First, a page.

I had the pudding bowl out, the compote made, when I discovered that I couldn’t for the life of me get my hands on my big soup pot. It’s hiding somewhere. Since the other pot was in use by one of my lodgers, I changed plans.

This morning, I made biscuits. Actually, I made cookies and biscotti, to speak in their original languages. But both recipes have something in common: the balls of dough are rolled in sugar before baking.

The cookies are snickerdoodles, delicately flavoured with cinnamon both in the dough and in the rolling sugar.

Snickerdoodles

The biscotti are biscotti morbidi al limone, soft-centred lemon biscuits. For these, I adapted the recipe slightly, since I had used one small lemon, and found the flavour a bit light: I added some pure lemon oil to the dough, and it worked perfectly.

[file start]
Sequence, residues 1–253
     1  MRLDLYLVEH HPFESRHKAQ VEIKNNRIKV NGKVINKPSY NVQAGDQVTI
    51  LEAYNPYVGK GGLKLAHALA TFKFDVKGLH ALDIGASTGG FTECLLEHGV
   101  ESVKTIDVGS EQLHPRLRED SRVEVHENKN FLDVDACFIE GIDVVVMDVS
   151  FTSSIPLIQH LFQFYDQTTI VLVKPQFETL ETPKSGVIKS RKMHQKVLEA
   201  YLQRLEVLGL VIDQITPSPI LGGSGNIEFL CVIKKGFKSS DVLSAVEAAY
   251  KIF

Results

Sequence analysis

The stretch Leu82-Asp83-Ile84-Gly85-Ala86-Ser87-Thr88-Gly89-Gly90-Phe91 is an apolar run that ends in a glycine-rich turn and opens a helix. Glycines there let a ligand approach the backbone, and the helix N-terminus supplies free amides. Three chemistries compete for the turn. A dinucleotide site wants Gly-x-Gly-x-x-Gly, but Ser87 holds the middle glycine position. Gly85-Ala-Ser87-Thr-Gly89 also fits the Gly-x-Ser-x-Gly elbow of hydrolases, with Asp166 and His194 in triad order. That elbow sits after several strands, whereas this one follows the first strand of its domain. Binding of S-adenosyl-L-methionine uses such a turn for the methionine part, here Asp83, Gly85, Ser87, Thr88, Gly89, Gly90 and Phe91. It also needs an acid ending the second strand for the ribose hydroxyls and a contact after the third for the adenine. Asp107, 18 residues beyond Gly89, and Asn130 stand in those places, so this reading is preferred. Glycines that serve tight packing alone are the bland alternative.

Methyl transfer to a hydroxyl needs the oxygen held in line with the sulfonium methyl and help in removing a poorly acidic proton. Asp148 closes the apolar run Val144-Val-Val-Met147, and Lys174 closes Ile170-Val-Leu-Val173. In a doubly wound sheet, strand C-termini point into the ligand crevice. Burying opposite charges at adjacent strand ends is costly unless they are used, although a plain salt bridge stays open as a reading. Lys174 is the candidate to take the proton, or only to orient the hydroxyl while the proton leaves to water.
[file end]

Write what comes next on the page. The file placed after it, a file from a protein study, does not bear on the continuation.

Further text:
Tender lemon biscuits

Both batches went down a treat at work.

And now, I need to find this pot!

I changed my mind

When you make custard tarts, life gives you egg whites, so this morning, I was planning on baking a few trays of langues de chat. But there was so much batter, and more importantly, the batter was so light and fluffy, I decided to bake it as a cake instead. We’ll call it “egg white sponge cake”, shall we?

Once out of the tin, it looked quite good.

Egg white sponge cake

Going on with the theme of “using up leftovers from previous bakes”, I’ve doused it with chocolate sauce and sprinkled it with candied peel.

Egg-white sponge cake with chocolate glaze and citrus peel

I took this to work, just because my colleagues are Luuuurvely people!

I had a slice as second breakfast (yes, if first breakfast is when you get up at 5 am to bake, there is such a thing as second breakfast). As you would expect with all the egg whites, it is somewhere between a classic Victoria sponge an angel food cake, and absolutely delicious.